$29.45 Puj bathtub 50% off

$7.19 sunshade 20% off

$39.99 ear thermometer 20% off

$4.79 nail clipper 20% off

$.38 Ergo carrier gift card

$16.02 Graco rocker 35% off and rewards credit

$4.19 pacifier 20% off

$9.79 bottle 20% off

$3.49 mittens 20% off

= $115.29 total spent on baby so far

As I mentioned last week, my husband and I have still held out on Amazon Prime despite being very tempted to renew it. I’ve found that in November and December, things have arrived in two days despite not being members because of the Christmas rush. And it hasn’t been hard to find more than $35 worth of things to purchase at a time in order to be eligible for free shipping. I didn’t officially register for my baby shower at Amazon, but I privately made a registry so I could get the 10% off after the shower date had passed. Only three of the items on my list were eligible and the total savings was something like $4 because all three things were very cheap. The purchases were covered by a gift card, but I didn’t find that tool to be super helpful. Many will tell you that getting that, coupled with Amazon Mom (free with Prime and adds a 5% bump to registry discount) is well worth it–but I didn’t find that to be the case. And you have a month to use your registry discount, so if you don’t have Prime and are considering it–you can hold out like I did to see if it would be worth investing in for the 15% off.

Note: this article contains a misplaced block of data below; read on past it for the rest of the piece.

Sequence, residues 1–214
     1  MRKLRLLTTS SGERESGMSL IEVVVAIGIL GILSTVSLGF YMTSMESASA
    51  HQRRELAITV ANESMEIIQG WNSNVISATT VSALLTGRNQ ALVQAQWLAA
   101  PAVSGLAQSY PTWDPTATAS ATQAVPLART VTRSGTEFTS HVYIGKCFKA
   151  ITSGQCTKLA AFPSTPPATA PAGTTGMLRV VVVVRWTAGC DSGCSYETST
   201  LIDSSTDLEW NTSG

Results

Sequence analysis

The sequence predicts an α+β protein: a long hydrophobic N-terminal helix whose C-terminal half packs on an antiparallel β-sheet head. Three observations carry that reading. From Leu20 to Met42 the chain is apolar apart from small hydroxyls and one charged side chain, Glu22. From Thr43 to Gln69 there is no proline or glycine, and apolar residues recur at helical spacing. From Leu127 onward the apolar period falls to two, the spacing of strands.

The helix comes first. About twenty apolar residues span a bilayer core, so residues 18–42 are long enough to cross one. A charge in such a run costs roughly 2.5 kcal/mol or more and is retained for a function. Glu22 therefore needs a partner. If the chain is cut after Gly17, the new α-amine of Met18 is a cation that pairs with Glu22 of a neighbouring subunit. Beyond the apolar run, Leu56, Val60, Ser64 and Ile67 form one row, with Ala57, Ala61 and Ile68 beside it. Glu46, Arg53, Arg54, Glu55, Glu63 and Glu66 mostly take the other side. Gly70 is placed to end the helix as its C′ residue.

Of course these items don’t cover maternity needs–like any special care you may want to give yourself to add comfort to your situation, specialty bras or clothes. I did spend money on myself in that capacity–but I don’t consider those items purchases for the baby. And even in doing so, I was careful to watch sales and be smart about what was truly a necessity versus a want. For example, I bought one of those Snoogle pillows women rave about on Craigslist for $15 (it retails for $60-70 depending where you get it) and then bought a new cover on Amazon with credit card rewards points (the covers run around $30). So I saved $75 on the pillow all together. And even after doing so, I am still not convinced it was a need–though others will swear by it. I also kept my clothes shopping to a minimum–even though this is a definite need. I am not the kind of person who minds repeating outfits, in fact I prefer it, so it wasn’t an issue to rotate through the same dozen or so maternity shirts.

The one very obvious and very helpful tool that I haven’t used but you should if you are comfortable with–is borrowing from those who’ve had a baby before you. I know many people who got most of their kid’s wardrobe or gear that way. I am personally not a borrower, even though that probably is in violation of my frugal nature. I like the freedom of knowing I can destroy or lose something and not feel bad about it. Plus you can resell almost everything once you are done having children and that seems like a pretty good way to go.

Lastly, we have really great health insurance. I know this is a choice most people don’t get to control themselves–but I have to say, if you can find a good plan before you start having a family–it is worth it! My husband’s company completely covers labor and delivery so we have a $0 co-pay for the birth and hospital stay. We also get a free breast pump (I believe all carriers are supposed to offer this under the new health care laws), which can retail from $200-$300, if not more.